100 men participated in the program, which is taught by justice involved (formerly incarcerated) and directly impacted (loved ones who are touched by the criminal justice system) individuals. Breakout sessions targeted questions to help with self-awareness. The takeaway – people realize when they land in prison, they are not going by themselves; they are taking their entire families.

After Parker served his time, he contacted the Securus Foundation to let the staff know how the Exodus class had helped with his discipline in preparing for reentry and that he was pursing his college education through the Securus’ Lantern program in partnership with Ashland University.

Without knowing anything about the “Language Matters” campaign, he explained how he wanted to change the narrative by educating people to stop putting limits on someone, because of his or her past. Securus Foundation President and CEO, Dawn Freeman, said she selected Parker as the ambassador because of his polished communication skills along with his communication degree program.

“Lantern connects me with professors, lecturers, presenters and preachers. Communication, when you think about, is the key to any interaction,” Parker explained. “Lantern connects me with thousands of people, so it is one of the most important things that is helping me with my education and career.”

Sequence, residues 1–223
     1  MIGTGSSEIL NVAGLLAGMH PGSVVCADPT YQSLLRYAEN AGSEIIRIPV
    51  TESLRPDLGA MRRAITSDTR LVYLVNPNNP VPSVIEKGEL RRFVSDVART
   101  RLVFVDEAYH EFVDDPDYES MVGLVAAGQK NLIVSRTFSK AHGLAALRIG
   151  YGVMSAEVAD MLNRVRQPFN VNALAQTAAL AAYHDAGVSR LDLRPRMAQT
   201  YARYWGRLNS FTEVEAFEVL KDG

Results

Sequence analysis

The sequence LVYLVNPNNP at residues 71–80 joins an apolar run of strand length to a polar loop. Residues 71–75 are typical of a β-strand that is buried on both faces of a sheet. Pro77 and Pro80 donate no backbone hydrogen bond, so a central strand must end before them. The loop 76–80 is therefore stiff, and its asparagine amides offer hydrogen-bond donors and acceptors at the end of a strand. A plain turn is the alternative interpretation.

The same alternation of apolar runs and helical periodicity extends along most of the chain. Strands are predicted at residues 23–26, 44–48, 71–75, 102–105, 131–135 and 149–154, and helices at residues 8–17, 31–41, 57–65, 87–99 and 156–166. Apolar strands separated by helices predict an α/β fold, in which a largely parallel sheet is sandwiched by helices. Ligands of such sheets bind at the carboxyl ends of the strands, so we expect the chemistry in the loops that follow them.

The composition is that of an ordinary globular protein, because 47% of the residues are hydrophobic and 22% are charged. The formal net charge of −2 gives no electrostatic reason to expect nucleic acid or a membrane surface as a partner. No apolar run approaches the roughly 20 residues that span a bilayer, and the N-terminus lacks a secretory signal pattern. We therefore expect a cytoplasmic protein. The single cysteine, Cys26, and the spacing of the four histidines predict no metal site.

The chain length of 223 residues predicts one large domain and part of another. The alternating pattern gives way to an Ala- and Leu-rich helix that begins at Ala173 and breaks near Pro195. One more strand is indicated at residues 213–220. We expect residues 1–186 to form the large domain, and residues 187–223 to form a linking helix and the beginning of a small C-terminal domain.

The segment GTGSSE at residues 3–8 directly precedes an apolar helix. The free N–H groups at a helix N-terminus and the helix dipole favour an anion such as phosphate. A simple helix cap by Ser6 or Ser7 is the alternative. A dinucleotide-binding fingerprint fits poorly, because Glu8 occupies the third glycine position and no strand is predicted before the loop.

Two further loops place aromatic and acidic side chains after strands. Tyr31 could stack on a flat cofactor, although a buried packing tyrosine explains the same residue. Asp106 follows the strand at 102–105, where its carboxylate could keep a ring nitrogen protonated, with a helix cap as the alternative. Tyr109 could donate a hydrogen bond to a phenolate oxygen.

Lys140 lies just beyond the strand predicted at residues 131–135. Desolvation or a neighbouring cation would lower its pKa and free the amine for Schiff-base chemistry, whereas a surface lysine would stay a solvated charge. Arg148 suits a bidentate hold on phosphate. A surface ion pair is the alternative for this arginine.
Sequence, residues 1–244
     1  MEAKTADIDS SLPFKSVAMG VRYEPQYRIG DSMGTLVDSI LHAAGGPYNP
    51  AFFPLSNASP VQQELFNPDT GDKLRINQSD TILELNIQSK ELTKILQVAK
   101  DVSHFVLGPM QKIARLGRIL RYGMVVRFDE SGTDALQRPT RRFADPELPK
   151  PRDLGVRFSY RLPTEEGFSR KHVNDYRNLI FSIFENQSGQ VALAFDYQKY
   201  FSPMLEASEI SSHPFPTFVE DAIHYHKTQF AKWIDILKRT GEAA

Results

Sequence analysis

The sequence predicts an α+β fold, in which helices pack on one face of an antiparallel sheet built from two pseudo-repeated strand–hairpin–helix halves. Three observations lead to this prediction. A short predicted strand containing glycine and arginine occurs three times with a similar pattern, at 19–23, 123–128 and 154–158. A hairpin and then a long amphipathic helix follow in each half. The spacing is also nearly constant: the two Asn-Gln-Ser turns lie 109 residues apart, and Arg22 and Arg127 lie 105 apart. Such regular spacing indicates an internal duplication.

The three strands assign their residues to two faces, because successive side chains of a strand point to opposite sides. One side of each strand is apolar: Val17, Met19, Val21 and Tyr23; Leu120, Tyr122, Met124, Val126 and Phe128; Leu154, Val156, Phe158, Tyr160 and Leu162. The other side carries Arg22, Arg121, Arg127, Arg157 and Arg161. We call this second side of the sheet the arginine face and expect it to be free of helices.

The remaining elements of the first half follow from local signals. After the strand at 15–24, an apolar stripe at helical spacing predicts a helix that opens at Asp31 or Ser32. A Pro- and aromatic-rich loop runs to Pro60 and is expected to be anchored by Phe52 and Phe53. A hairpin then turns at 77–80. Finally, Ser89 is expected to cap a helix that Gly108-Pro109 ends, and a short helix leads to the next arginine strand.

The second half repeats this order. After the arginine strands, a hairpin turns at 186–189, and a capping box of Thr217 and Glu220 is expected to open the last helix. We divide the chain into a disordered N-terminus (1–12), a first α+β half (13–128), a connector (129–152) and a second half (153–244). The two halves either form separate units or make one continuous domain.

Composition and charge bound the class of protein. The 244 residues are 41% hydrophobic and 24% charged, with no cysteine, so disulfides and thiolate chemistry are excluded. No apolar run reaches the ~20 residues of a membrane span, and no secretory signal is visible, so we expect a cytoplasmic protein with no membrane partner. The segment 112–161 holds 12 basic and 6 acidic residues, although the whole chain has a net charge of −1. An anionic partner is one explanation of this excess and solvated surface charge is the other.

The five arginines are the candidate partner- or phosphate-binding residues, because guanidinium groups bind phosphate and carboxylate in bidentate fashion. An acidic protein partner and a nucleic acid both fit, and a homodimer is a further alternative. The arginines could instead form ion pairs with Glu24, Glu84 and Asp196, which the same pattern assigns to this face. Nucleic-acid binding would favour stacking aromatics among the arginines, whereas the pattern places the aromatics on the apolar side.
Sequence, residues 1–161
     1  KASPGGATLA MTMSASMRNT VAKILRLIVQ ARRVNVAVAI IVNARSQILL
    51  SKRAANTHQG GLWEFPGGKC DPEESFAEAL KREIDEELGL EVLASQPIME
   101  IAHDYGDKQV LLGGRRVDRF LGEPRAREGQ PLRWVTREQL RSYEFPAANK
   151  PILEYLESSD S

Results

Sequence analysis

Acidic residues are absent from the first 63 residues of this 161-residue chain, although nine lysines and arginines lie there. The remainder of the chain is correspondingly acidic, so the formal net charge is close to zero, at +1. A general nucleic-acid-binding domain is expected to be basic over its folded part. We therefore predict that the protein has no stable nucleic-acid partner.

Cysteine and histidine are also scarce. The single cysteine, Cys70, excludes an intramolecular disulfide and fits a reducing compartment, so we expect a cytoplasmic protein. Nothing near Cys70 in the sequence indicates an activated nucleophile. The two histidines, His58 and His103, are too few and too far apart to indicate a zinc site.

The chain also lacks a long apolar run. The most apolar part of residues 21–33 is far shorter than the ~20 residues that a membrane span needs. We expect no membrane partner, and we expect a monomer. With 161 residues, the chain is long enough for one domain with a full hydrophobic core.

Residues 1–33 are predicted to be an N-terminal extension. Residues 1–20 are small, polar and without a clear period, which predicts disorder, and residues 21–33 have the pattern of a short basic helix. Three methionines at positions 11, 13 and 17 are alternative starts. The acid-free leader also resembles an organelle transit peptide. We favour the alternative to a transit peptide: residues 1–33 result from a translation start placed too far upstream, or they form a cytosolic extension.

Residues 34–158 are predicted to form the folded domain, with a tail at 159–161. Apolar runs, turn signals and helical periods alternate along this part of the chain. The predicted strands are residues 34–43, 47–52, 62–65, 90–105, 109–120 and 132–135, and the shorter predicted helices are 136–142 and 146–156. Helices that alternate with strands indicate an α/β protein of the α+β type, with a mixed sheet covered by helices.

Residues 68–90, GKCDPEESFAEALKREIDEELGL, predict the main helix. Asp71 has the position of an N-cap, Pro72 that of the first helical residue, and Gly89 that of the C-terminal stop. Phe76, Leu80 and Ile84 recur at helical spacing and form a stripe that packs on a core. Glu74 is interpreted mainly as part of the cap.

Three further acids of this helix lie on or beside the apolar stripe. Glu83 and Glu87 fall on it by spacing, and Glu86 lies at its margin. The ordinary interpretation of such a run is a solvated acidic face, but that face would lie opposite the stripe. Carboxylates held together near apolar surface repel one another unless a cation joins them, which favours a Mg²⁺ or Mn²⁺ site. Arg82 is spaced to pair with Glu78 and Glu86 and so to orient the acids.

He is taking a full dive into communications with courses that prepare him from everything like life’s everyday interactions, to even how to plan for those unexpected times, with subjects like crisis communications and business communications.

Why communications? Because Parker loves to talk to people. He credits his Lantern education for sharpening his skills.

“Without a doubt, Lantern made me more computer savvy and improved my communication skills. It has added to my story and given me more confidence, so that I can now help others.”

He received his associate’s degree in general studies while he was incarcerated. He also completed two certificate programs in business and business management through Securus’ Lantern in partnership with Ashland University.

While he was pursuing his degree while serving his time, he discovered his true inspiration in life.

“I found out that I was a motivational speaker. I thought my Lantern communications degree would help me further my interest in going into that field since I enjoyed talking to people while I was in prison,” Parker explained.

Parker describes himself as a seasoned storyteller. He explains how his fellow incarcerated residents took pleasure in hearing about how he was against all odds at an early age. He shares his story of how he turned out to be a winner, despite the adversity that challenged him.

“My leadership role started in high school, playing sports. I went to a predominantly white parochial school. I’m African American, and I ended up being one of the captains of the football team because of my athletic ability,” Parker stated. “Sports not only gives you leadership, but it also helps you with camaraderie and is a good stepping stone to building a successful life.”